🔑 Implementation of Master Password for nodejs and browser
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README.md

node-mpw

Build Status

Implementation of Master Password for nodejs and browser

Installation

Requirements:

  • Node.js (v4.0.0+)

Note: this package uses scrypt which is built with node-gyp so you might need to compile C code. Blame node-gyp.

First, install Node.js, and then open a terminal and run node -v and npm -v to make sure Node is installed correctly.

Now we can install the package.

$ npm install --save node-mpw

Once it's installed and in your node_modules folder, you can now run the script! Here's an example:

import * as mpw from 'node-mpw'

const username = 'username'
const password = 'password'
const site = 'example.com'

const key = mpw.generateKey(username, password)
const generated = mpw.generatePassword(site, key, 1, 'long', 3)

API Reference

generateKey

mpw.generateKey(name: string, password: string, version?: string, namespace?: string): Buffer

Calculate the master key from a user's name and master password.

Parameters

  • name: string The desired username.
  • password: string The desired master password.
  • version?: string The algorithm version being used for this process.
  • namespace? string The namespace used as a salt to calculate the key.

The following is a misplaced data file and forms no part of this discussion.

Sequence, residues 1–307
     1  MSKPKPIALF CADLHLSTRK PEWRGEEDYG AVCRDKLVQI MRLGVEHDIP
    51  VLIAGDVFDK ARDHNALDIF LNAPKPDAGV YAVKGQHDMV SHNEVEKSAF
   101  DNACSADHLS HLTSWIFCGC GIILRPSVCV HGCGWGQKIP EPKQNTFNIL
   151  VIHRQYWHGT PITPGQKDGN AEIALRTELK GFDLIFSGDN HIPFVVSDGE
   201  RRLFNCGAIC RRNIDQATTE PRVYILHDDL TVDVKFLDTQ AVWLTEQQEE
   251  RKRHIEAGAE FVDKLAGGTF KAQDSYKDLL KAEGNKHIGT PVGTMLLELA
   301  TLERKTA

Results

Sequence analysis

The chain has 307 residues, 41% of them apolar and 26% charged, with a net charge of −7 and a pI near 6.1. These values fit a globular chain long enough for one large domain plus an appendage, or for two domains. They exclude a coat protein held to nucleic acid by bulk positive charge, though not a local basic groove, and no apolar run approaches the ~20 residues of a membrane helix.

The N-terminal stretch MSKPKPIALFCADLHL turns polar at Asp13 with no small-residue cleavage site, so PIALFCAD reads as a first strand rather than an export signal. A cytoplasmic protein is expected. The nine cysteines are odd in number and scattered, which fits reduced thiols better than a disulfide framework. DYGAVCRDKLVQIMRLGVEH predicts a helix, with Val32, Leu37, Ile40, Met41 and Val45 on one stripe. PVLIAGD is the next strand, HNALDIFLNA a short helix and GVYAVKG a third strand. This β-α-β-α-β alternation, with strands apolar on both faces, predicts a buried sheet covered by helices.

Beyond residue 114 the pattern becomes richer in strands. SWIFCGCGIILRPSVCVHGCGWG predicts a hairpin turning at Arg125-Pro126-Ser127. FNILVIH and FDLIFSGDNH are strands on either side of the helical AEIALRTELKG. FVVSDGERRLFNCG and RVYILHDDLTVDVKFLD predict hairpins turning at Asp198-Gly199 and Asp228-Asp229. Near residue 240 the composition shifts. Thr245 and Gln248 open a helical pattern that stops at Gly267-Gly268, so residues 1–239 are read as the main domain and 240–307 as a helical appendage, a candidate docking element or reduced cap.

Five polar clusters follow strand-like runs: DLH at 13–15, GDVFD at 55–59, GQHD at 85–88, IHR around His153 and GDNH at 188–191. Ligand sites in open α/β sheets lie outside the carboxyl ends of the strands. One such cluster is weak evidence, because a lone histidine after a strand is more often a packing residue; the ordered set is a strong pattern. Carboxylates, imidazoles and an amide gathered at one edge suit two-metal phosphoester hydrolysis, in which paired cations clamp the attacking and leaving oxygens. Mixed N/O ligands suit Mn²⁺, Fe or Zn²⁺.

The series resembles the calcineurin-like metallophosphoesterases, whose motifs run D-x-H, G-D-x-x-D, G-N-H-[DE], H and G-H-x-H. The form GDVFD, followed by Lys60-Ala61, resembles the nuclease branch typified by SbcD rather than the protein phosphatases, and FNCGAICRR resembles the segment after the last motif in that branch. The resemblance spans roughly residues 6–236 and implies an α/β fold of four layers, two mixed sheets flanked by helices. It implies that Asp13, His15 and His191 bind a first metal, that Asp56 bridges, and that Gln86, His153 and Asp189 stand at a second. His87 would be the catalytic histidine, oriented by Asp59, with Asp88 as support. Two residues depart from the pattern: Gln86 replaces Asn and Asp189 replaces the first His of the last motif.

Returns: a key generated from the scrypt algorithm.

generatePassword

mpw.generatePassword(site: string, key: Buffer, counter?: number, template?: string, version?: number, namespace?: string): string

Encode a site password using the site's type template.

Parameters

  • site: string The site name. The bare domain name is an ideal choice.
  • key: Buffer An scrypt-hashed key generated from the generateKey() function.
  • counter?: number An integer that can be incremented when the user needs a new password for the site.
  • template?: string The password template that the user chooses.
  • version?: number The algorithm version being used for this process.
  • namespace?: string The namespace used as a salt to calculate the seed.

Returns: the final, generated password.

Contributing

Issues and Pull Requests are welcome! Please read our Contributing Guidelines & Code of Conduct beforehand.

Reading the commit log

Our commit logs are Commitizen-friendly. With Commitizen, the header of every commit message has to include a type, an optional scope and a subject with the following format:

<type>(<scope>): <subject>

You can use one of the following methods to use Commitizen.

Option 1: Install Commitizen by running npm install -g commitizen, and run git cz instead of git commit when you want to commit. Follow the instructions on the next screen.

Option 2: When you run npm install the core commitizen library is also saved as devDependencies. You can simply run npm run commit instead of git commit to enable Commitizen. Follow the instructions on the next screen.

Option 3: Manually typing the commits altogether. We use the following Commitizen tags.

  • feat: A new feature
  • fix: A bug fix
  • docs: Documentation only changes
  • style: Changes that do not affect the meaning on the code (white-space, formatting, missing semi-colons, etc)
  • refactor: A code change that neither fixes a bug or adds a feature
  • perf: A code change that improves performance
  • test: Adding missing tests
  • build: Changes that affect the build system or external dependencies (example scopes: gulp, broccoli, npm)
  • ci: Changes to our CI configuration files and scripts (example scopes: Travis, Circle, BrowserStack, SauceLabs)
  • chore: Changes to the build process or auxiliary tools and libraries such as documentation generation
  • revert: Reverts a previous commit